• Somewhere to store the current session
  • Something to co-ordinate everything, starting the session / transaction when the scope begins, committing the transaction when the scope ends or rolling back the transaction if an error occurs.
The first element is built-in to NHibernate, in the form of ISessionFactory's GetCurrentSession method. See the documentation about context sessions for background.

NHibernate must be configured with the strategy that it will use to store the context session. ConfigurationBuilder, responsible for initialising our NHibernate Configuration initialises our configuration to use CallSessionContext, a sensible default for tests and offline applications. This is overridden in our web application start-up code to use an implementation of ICurrentSessionContext for web applications:

Look at ConfigurationBuilder.cs on github if you can't see the code in-line above.

LazyWebSessionContext is TinyNH's custom implementation of ICurrentSessionContext. It supports a mechanism whereby starting a session and transaction is deferred until it is actually used. This ensures that we don't pay the price of opening a database connection and starting a transaction during a request that doesn't need to access the database.

NHibernate can't get the current session by itself however. The next piece in the jigsaw is a mechanism to coordinate the session in line with the lifetime of our context.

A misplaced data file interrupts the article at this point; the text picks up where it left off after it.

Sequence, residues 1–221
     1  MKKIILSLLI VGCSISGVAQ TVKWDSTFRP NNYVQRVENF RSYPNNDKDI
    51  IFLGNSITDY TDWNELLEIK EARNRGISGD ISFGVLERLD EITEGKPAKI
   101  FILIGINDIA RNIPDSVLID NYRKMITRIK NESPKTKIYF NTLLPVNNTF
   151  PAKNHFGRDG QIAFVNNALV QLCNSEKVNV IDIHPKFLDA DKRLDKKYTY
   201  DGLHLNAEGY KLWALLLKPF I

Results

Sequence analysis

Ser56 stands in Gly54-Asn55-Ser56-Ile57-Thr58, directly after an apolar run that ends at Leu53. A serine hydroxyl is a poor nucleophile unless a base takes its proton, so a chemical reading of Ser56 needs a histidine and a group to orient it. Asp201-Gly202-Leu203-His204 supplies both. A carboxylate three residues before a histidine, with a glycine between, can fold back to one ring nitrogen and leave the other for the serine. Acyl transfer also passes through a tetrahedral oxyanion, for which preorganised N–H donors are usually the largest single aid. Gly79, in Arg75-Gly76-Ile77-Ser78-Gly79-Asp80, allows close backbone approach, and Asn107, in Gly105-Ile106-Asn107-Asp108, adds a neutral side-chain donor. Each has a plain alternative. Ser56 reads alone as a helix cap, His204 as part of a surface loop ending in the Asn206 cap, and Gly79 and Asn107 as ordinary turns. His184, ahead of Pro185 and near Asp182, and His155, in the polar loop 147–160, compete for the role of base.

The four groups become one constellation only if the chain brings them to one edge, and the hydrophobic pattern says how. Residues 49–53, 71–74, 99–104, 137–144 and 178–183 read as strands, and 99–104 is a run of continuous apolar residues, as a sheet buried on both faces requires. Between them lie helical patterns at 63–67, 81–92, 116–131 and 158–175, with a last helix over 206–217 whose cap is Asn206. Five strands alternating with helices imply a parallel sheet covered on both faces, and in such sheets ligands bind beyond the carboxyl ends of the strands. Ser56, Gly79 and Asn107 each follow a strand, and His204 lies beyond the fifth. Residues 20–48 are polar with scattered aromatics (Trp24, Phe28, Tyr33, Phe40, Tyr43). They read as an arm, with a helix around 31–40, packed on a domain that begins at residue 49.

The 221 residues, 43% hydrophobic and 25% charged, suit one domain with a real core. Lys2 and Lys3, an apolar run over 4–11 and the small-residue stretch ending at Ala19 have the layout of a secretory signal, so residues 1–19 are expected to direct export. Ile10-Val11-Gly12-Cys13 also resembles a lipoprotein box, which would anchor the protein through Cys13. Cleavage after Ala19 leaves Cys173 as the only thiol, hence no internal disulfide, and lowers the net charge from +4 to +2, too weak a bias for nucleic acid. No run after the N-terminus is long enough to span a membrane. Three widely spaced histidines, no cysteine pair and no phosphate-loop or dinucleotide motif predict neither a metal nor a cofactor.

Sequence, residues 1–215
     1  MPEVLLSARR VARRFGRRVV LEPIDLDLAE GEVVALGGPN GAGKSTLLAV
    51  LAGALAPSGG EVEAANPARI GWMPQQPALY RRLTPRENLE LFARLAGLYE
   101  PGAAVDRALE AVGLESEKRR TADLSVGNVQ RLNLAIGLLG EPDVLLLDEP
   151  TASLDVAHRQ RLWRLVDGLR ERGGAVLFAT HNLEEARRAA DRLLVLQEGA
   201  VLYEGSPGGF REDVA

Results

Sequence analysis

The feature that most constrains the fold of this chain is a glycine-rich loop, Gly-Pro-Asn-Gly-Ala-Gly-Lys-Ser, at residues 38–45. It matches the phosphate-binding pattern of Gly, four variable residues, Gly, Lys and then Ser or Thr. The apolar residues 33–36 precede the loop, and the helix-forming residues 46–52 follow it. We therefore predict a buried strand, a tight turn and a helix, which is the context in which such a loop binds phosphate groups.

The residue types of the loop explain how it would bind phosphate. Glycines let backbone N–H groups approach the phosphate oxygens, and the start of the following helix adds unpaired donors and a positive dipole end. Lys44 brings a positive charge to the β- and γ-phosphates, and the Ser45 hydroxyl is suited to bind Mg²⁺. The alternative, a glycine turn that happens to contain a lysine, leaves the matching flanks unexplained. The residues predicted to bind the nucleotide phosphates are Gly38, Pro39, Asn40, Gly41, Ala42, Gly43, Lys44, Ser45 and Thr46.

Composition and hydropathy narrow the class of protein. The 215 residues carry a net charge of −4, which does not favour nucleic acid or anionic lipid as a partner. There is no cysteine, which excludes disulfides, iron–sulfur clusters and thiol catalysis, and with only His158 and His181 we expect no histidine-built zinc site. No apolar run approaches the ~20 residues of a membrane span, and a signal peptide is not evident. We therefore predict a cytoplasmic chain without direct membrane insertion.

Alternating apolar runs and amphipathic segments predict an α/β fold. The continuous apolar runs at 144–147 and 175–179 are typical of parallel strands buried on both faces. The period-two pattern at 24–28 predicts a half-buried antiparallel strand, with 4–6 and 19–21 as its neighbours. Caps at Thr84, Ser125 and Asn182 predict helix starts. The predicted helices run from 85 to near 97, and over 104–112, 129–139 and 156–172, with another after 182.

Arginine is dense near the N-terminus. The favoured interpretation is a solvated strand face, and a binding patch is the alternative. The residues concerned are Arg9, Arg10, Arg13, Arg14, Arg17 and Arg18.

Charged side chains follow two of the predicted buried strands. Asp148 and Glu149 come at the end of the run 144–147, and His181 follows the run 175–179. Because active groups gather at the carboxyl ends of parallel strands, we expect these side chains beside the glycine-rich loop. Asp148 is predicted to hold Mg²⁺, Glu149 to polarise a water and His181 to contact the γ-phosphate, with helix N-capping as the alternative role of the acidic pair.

This is handled by LazyWebSessionContextModule.cs, an HttpModule:

Look at LazyWebSessionContextModule.cs on github if you can't see the code in-line above.

An HttpModule is not the only mechanism available. You could add session management functionality directly to the Application_BeginRequest, Application_EndRequest and Application_Error methods of your global.asax file.ASP.Net MVC ActionFilters and the Controller class itself also provide hook methods that could be used in a similar way. An HttpModule is a useful one-size-fits-all mechanism however, you may be running MVC controllers, Web API controllers and ASP.Net handlers in your application.

Accessing the Session

With the above in place, NHibernate, LazyWebSessionContext and LazyWebSessionContextModule will work together to manage your sessions and transactions. It remains to add a point where your application code can access the current session. In keeping with it's structurally simple architecture, TinyNH adds a CurrentSession property to Global.asax.cs and an additional convenience property to a shared controller base class AppController.cs. There are of course other mechanisms that could be used to make this dependency available to classes that need it - just configure your IoC container to resolve the ISession from the ISessionFactory (an example of how to do this may be added at some point).

How to do it

If you are using NHibernate in a web application, you can add lazy context session management as follows:

1. Add LazyWebSessionContext.cs and LazyWebSessionContextModule.cs to your project, within the same namespace as the ConfigurationBuilder class and other NHibernate infrastructure code.

2. Modify your web application start up code, using ConfigurationBuilder to configure NHibernate to use LazyWebSessionContext - see Global.asax.cs

3. Configure your application to use the LazyWebSessionContextModule HttpModule by adding the module to the configuration/system.webServer/modules section - see web.config for details.

If you are using IIS6 or need to run your web application in the older Visual Studio Development Server, then the module needs to be added to the configuration/system.web/httpModules section instead.

4. Define a point where your application code can access the context session as outlined above.